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It's TI season, and something feels off
The best esports tournament in the world feels... not that
The other day I had a conversation with someone new, who asked about esports and how it felt to work within it, but have your passion be involved. My answer mentioned that it's hard, because it's very easy to get exploited for that passion, but you also don't want to blunt your enthusiasm for this thing you like very much.
It's "The International" season, and I'm starting to feel that lack of edge.
TI has always been special to me because Dota 2 has a very unique place within esports; it's very much fuelled with resentment for not being popular, and unlike some scenes that stay eternally seething, Dota's crowdfunding actually let it go "Hey, we deserve to be here."
TI is branded as a "celebration of Dota" but for a long time it felt like a celebration of "choosing the better side", regardless of how much social utility we could get outside of it. While you can buy a Coca-Cola case with a League of Legends character on it, TI felt authentic in ways that other games couldn't: we put our money where our mouths were, and were generally rewarded for that. You were getting a high-quality broadcast without ads or sponsors, and generally getting a ton of in-game content that carried the spectre of "being valuable later" regardless of whether you ever did sell them.
It felt like a small proof that things could be done without feeling corpo1. It gave us a hope that what we liked could prosper. I've written about this before and don't want to retread too much — at the risk of sounding naive, it felt real. That matters.
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This year, something feels off — at least, maybe just for me. The games are still good, and the game is still similar, but I'm not... hooked. I'm not invested. I'm keeping it open in another monitor, but not engaging. I'm not reading the story of the tournament.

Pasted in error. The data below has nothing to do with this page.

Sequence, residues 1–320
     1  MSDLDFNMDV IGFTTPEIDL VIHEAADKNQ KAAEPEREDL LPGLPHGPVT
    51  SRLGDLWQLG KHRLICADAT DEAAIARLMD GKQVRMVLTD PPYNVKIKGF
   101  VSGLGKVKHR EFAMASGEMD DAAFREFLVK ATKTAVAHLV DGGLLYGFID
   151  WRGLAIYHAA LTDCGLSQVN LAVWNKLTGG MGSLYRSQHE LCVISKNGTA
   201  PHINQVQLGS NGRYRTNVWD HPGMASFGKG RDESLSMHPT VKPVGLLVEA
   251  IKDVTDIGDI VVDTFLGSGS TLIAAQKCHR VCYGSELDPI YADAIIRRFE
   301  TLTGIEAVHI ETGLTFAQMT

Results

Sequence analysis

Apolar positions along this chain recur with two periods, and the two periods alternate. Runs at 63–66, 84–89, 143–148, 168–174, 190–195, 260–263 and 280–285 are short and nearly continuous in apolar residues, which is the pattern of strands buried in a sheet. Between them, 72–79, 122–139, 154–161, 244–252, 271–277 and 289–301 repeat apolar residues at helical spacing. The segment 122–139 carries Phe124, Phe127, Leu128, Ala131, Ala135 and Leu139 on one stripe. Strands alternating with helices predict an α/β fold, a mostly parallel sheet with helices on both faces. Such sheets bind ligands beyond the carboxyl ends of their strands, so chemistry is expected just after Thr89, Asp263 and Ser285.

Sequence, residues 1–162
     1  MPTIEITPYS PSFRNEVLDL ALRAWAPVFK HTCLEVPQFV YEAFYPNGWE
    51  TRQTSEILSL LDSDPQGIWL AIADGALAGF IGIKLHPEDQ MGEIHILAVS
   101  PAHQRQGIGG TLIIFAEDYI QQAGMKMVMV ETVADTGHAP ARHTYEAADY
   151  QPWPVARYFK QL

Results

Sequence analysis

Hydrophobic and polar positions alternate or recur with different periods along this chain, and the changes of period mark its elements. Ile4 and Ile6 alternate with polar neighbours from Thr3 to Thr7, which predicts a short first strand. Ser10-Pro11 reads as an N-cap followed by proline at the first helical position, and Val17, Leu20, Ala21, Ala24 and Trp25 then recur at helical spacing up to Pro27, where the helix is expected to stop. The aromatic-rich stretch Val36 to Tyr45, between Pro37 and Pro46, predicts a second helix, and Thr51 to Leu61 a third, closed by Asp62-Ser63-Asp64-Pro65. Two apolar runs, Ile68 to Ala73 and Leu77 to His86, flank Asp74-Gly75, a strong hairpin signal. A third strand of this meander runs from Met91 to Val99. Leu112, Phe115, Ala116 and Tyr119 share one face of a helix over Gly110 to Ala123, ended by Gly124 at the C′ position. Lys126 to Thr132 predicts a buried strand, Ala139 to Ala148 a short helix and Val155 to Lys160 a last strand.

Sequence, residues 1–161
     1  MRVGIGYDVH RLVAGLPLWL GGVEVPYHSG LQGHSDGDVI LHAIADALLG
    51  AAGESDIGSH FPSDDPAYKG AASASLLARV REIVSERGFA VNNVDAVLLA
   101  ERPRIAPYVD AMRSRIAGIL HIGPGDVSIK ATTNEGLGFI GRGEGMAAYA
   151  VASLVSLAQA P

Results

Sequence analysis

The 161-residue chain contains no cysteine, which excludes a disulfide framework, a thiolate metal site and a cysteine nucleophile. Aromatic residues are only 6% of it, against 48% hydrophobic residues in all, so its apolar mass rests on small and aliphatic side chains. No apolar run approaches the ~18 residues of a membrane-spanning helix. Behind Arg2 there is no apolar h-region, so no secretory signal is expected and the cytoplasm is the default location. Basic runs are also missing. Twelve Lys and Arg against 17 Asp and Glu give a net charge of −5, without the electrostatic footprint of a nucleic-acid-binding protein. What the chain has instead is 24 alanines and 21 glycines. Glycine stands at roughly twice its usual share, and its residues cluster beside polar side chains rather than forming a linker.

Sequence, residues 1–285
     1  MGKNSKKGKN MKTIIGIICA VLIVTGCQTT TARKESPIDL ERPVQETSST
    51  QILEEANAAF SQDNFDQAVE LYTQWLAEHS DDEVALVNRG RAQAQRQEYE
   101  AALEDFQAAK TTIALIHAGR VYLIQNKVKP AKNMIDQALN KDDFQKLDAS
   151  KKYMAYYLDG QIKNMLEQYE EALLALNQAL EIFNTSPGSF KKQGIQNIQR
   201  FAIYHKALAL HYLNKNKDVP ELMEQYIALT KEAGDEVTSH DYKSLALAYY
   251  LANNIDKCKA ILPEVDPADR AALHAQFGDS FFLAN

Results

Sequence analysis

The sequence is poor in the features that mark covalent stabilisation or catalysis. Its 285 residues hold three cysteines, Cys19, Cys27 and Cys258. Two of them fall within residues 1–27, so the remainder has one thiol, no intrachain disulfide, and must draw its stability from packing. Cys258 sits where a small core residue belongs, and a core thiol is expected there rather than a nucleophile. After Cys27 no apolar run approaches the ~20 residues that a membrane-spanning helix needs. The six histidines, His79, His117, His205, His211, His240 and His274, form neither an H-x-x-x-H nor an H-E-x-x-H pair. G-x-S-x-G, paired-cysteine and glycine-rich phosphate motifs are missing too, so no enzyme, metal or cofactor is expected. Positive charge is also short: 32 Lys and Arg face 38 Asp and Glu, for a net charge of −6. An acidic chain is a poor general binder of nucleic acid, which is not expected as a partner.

I haven't played a match of Dota in months; while that's never stopped me from enjoying the esports side of things before, there's still this lingering "what's the point?" thought. It is very clear that the game as a juggernaut, and as a culture, is decaying; maybe not dead yet, but it's starting to rot.
I always said that the first year we didn't break our previous prize pool crowdfunding was the beginning of the end, and Valve's made it clear that their priorities are pushing elsewhere. Which is fine. I think.
I don't feel connected. And that connection was something that carried this for a very long time. It feels like a relationship that's kind of coasting; you aren't living together, but you're kind of just going on dates and going through the motions.
Maybe that’s a bit harsh.
I don't think I've ever been the type to formally grow out of hobbies, and I hate the line of thinking that just goes "you're older, you just stop liking things." Part of what worked for me with esports was the feeling that I was sharing the energy of these moments, and winning in a different way the competitors were. Community, passion, energy. Connection.
So without that... something's off.
I still think that The International represents a purity of spirit that might not be so easily found elsewhere. It's not a CGS-tier mistake2; it's not something I regret happened. I think it feels like we are being pushed forward without a replacement, and it's a reminder of the division between developer, professional (players, casters) and the fans that is unique to esports.
No one owns the concept of soccer. No one decides that resources for soccer are going to be wound down so that development can be focused on Soccer 2.
But then again, why am I waiting for permission? Why am I grumbling so much? Why am I sad? Why am I trying to eulogize something that might've just evolved without me, rather than with me? Away from me?
Maybe it's just okay that it's just different. I'm different now. And that's okay, too.
I’ve been using way too much Cyberpunk 2077 slang, but “corpo” is just so good.
Championship Gaming Series: https://en.wikipedia.org/wiki/Championship_Gaming_Series